A Photograph of the Articulated Thescelosaurus Skeleton Showing the Iron Concretion Thought to be a Heart

Thescelosaurus heart fossil?

The iron concretion once thought to be the preserved four-chambered heart of a dinosaur.

Picture Credit: Associated Press/Karen Tam

However, a study published in 2011, left a number of palaeontologists “broken hearted”.  Researchers including scientists from North Carolina Museum, subjected the concretion to more powerful CT scans and the imagery produced debunked the idea that this was the fossilised remains of a dinosaur’s heart.

To read more about the 2011 research: Dinosaur Left “Broken Hearted”

Happy Valentines!

Significant Rock Fall at Stonebarrow Hill

Rock Fall Highlights the Dangers of Dorset Cliffs

Everything Dinosaur team members have received reports about a large rock fall in the area of Stonebarrow Hill, east of the popular tourist destination – Charmouth (Dorset).  With many schools due to have their half-term break in the next couple of weeks or so, the beaches in this part of Lyme Regis will soon start to get busy with eager fossil collectors looking to find fossils washed out of the cliffs during the winter storms.  However, the significant rock fall highlights the potential dangers when fossil hunting close to unstable cliffs.

Large Boulders and Debris Under Stonebarrow Hill

Rock fall at Stonebarrow Hill (Dorset).

A significant rock fall at Stonebarrow Hill (Dorset).

Picture Credit: Brandon Lennon

Local fossil expert and fossil walks tour guide, Brandon Lennon commented:

“The large fall happened after the last storm.  Huge blocks came tumbling down onto the beach.  This area, the beach to the east of Charmouth, is a particularly popular fossil hunting location, especially for ammonites as the low tide washes fossils out of the mud slips.”

Blue-Grey Lower Lias Clays

The unstable and rapidly eroding cliffs to the east of the old cement works and Charmouth visitor centre are composed of blue-grey lower lias clays.  At low tide the foreshore area is exposed and this is a popular part of the Dorset coast for fossil collecting, especially in the early Spring after winter storms.  Like much of the coast in this part of Dorset, the cliffs are extremely dangerous and rock falls are common.  The cliffs rise steeply and any debris falling from them has the momentum to travel quite a long way onto the sandy beach before coming to rest.  We urge all would-be fossil hunters to take great care when visiting this part of the Dorset coast.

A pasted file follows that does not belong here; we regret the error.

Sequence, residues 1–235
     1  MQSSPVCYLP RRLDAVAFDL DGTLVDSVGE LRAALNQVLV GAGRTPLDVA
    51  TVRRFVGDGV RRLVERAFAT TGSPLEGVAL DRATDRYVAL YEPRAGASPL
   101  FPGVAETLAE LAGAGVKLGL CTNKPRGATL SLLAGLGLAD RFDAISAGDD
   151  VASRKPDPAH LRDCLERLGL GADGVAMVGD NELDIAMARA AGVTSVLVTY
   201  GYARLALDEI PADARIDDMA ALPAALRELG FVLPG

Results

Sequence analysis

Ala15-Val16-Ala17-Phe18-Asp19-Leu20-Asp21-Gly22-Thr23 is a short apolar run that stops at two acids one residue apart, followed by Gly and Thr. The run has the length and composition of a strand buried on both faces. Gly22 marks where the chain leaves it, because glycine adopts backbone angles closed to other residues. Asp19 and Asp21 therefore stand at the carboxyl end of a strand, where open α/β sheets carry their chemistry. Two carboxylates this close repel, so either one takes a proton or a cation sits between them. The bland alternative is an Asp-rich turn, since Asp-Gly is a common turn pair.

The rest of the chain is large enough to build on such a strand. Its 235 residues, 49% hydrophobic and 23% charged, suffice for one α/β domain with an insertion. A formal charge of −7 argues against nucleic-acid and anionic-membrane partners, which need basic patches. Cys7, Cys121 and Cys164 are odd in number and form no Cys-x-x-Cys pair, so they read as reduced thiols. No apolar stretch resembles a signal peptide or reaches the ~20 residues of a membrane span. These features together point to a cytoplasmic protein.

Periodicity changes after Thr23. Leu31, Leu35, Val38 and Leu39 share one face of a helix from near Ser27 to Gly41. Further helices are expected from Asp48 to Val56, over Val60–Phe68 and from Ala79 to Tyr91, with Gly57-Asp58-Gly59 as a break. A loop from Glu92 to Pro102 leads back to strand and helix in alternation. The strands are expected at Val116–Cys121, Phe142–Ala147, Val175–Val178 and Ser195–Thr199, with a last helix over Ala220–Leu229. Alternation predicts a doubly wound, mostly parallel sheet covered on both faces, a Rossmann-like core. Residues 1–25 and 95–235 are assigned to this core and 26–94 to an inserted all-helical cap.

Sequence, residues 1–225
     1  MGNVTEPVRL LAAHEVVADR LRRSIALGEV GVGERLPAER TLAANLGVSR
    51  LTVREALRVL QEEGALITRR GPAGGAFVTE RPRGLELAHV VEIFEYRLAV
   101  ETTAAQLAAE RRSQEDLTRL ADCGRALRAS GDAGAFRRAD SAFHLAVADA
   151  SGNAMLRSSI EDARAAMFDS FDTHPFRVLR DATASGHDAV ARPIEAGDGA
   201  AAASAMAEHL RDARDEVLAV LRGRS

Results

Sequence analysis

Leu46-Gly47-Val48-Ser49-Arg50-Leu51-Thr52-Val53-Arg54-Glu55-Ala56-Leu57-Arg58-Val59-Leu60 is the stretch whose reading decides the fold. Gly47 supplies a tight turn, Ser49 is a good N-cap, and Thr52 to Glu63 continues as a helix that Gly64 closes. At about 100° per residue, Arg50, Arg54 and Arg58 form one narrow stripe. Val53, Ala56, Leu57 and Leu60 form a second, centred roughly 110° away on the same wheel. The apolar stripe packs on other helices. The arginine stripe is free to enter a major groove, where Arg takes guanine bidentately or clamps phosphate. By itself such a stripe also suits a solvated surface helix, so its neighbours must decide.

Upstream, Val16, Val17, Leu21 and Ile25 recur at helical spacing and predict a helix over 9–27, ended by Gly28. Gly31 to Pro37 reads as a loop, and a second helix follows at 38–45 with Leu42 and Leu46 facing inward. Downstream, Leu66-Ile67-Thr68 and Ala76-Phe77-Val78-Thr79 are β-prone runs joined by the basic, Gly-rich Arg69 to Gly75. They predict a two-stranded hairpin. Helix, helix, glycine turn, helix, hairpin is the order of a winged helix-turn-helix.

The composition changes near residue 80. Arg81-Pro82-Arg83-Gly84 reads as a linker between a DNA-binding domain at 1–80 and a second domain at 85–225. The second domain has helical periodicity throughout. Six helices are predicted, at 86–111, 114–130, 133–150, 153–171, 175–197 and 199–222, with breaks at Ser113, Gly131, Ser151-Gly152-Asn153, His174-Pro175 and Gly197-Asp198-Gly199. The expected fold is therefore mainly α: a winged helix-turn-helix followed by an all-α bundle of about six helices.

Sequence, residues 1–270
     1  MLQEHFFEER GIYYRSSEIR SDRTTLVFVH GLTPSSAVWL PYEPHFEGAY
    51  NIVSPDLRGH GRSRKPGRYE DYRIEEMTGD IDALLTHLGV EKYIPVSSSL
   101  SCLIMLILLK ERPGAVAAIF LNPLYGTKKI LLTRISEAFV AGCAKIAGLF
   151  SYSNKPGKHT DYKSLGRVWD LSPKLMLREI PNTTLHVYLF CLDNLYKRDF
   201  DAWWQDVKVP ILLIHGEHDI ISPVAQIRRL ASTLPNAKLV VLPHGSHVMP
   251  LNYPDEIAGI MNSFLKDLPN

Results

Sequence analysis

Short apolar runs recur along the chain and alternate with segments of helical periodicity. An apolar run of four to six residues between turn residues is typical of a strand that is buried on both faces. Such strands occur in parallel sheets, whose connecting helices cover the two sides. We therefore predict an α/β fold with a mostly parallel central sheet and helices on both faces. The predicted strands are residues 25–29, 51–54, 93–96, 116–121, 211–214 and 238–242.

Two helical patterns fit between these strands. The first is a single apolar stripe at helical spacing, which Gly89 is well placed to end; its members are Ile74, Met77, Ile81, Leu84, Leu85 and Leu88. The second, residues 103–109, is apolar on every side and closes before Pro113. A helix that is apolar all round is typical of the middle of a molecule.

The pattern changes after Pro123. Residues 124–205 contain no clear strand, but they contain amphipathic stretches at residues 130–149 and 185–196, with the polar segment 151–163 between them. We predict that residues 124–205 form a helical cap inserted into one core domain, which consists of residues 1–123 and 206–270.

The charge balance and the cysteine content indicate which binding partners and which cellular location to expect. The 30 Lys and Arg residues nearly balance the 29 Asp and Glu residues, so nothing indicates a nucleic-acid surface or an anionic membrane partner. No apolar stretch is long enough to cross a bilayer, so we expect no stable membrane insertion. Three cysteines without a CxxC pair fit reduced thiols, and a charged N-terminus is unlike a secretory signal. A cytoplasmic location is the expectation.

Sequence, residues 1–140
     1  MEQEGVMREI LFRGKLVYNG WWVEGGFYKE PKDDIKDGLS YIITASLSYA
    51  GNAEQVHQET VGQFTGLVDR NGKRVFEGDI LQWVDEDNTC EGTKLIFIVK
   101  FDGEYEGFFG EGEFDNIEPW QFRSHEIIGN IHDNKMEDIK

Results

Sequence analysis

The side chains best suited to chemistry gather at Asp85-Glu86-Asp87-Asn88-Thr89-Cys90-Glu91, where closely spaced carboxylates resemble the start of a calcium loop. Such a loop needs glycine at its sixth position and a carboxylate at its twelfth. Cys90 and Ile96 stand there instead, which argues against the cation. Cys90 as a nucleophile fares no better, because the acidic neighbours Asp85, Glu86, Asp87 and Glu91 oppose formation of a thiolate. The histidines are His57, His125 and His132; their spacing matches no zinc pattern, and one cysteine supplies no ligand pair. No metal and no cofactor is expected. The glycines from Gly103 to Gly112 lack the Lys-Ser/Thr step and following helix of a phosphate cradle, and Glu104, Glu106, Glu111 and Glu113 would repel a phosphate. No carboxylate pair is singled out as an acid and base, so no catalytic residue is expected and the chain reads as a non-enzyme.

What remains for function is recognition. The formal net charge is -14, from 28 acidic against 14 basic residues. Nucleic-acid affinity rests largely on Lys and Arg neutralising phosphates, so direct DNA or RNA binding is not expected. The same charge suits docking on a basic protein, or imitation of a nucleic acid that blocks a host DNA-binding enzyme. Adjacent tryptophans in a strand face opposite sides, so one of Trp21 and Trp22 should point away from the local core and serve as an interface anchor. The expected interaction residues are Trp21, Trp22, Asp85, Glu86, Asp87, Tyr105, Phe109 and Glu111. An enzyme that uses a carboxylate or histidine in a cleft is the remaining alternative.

Stonebarrow Hill in Relation to the Charmouth Visitor Centre

Charmouth and Stonebarrow Hill.

The view east of Lyme Regis showing Charmouth and the location of Stonebarrow Hill.

Picture Credit: Everything Dinosaur

The picture above was taken in 2015 and it shows the location of Stonebarrow Hill in relation to Charmouth.  This is the view looking eastwards from the newly constructed coastal seawall at Lyme Regis.  A spokesperson from Everything Dinosaur stated:

“The fossil hunting season is nearly upon us!  Longer days and better weather (hopefully), we see popular fossil hunting places like Lyme Regis attracting large numbers of amateur fossil hunters and families keen to explore the area in the hope of finding some Jurassic-age marine fossils to take home.  However, the recent rock fall at Stonebarrow Hill highlights the potential dangers and we urge all visitors to stay away from the cliffs.”

The action of time and tide over the winter months will have exposed a lot of new material on the beaches to the east and west of the picturesque town of Lyme Regis.  There will be lots of fossils awaiting discovery and visitors do not have to stray too close to the cliffs to find them.

Eyes Down – Fossil Prospecting

Prospecting for fossils (Lyme Regis)

Looking for fossils at Lyme Regis.

Picture Credit: Everything Dinosaur

The foreshore will contain plenty of fossils that have been washed down from the cliffs, this area, well clear of the cliffs, will still provide plenty of fun for families looking for ammonites, belemnite guards, crinoid stems and such like.  You might get really lucky and find an Ichthyosaur paddle bone or a vertebra.

The unstable cliffs coupled with dangerous tides can never be taken lightly.  Our best advice is to go on a guided fossil walk with a local expert.  A fossil expert, such as Brandon Lennon, with his wealth of knowledge, can show visitors to the Lyme Regis area, the best (and safest) places to find fossils.

For information on guided fossil walks: Lyme Regis Fossil Walks